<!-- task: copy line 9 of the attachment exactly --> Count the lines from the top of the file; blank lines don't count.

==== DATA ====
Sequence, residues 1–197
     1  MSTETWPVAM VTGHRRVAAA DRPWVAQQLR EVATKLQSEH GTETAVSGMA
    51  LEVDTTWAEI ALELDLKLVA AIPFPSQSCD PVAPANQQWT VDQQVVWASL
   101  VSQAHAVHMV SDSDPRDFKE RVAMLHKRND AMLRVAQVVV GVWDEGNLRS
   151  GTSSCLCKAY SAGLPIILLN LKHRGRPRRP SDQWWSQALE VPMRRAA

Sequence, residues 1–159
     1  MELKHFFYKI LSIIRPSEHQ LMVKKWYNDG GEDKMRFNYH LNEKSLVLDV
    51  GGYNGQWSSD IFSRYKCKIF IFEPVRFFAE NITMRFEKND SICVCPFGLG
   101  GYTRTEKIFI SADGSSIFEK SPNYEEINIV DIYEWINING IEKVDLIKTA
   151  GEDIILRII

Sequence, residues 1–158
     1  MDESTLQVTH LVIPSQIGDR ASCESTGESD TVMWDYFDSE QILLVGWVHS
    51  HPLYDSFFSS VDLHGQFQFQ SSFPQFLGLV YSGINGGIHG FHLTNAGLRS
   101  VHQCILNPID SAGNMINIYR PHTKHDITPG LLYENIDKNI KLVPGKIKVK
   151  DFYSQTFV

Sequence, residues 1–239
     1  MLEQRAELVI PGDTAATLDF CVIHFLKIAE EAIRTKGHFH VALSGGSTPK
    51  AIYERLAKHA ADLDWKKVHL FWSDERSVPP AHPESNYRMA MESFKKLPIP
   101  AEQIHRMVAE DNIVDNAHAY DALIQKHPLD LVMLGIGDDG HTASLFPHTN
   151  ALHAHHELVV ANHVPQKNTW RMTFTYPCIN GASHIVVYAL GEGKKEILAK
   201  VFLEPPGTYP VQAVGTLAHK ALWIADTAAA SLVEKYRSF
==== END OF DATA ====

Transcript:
   101  GYTRTEKIFI SADGSSIFEK SPNYEEINIV DIYEWINING IEKVDLIKTA